I set out to stand on poetry, like the aerialist who walks on a wing. I saw others had done it. James Wright and Li Po, Emily Dickinson sometimes, when the light was right. I learned you could walk the thinnest ledge provided the light was right. Poetry could be thread. Of course. It was always nothing more than thread. Penelope was Homer. Of course. (In ancient times the blind were known as weavers…) And so I walked on delicate strings, navigating on guttural sounds and stertorous breaths. Poetry and your feet. The lungs in between.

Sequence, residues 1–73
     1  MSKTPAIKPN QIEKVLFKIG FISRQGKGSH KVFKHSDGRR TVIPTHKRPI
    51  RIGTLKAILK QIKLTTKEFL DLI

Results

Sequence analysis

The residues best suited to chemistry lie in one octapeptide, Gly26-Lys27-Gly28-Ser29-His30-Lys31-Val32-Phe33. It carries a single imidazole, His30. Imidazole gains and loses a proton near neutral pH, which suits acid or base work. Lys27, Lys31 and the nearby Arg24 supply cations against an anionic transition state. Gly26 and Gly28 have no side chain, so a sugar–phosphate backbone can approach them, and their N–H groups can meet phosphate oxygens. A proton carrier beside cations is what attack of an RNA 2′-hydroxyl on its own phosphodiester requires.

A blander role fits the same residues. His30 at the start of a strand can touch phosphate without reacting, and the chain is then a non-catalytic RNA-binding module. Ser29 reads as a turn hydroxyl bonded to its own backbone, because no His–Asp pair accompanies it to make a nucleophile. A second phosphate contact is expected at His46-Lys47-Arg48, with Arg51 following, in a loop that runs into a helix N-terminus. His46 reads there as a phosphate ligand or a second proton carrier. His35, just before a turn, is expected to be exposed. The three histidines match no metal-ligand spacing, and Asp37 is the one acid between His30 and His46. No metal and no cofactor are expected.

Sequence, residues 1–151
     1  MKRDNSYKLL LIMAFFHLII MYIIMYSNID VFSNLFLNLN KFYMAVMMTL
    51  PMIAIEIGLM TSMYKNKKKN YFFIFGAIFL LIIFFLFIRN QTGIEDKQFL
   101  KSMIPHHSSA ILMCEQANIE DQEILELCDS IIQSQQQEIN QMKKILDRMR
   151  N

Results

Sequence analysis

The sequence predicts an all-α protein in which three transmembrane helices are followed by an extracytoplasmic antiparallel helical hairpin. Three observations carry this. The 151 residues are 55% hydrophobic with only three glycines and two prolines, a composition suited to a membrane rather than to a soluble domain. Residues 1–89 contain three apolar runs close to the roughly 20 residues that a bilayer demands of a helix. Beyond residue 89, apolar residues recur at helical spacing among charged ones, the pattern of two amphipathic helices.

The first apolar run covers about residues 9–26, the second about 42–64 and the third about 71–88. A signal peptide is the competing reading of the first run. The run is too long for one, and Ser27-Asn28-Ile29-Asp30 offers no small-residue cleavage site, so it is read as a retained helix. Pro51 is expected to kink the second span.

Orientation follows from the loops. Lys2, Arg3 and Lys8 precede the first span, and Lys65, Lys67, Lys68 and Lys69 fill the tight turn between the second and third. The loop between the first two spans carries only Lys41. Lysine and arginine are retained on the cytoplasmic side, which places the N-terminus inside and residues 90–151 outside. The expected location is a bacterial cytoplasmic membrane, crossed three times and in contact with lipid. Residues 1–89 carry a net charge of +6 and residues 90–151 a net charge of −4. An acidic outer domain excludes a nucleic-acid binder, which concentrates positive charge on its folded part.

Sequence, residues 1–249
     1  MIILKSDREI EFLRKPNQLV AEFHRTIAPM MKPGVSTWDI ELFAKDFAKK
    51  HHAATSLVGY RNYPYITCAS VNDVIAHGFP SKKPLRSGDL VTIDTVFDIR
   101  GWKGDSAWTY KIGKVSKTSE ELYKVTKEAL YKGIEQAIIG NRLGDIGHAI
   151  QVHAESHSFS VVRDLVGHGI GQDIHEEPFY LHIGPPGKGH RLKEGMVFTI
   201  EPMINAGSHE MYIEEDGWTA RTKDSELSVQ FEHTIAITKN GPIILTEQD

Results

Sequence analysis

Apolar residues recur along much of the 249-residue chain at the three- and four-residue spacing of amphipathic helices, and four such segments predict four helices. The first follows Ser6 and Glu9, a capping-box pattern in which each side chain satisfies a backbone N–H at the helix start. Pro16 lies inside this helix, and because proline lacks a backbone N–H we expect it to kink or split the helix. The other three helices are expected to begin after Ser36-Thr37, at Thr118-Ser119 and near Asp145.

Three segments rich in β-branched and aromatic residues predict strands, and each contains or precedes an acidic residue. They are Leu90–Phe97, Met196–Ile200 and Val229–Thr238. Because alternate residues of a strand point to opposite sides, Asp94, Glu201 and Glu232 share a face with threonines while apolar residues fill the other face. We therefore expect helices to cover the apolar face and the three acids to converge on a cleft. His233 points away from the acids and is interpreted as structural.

Small wonder I can walk in the dark. Small wonder I can walk with a dog who watches for me.
It is all just poetry on a flimsy wing. And the heart like a bird in a granary. But high up, eyelashes transmitting bone thoughts, you are someone at last. Not the reader of magazines. Not the telephone talker. You are the riff of gravity which is not diagrammable but is a living curve of joy.
Now I’m old. Still on the wing. Learned how to fly long ago.
Compared to me the wind is sad.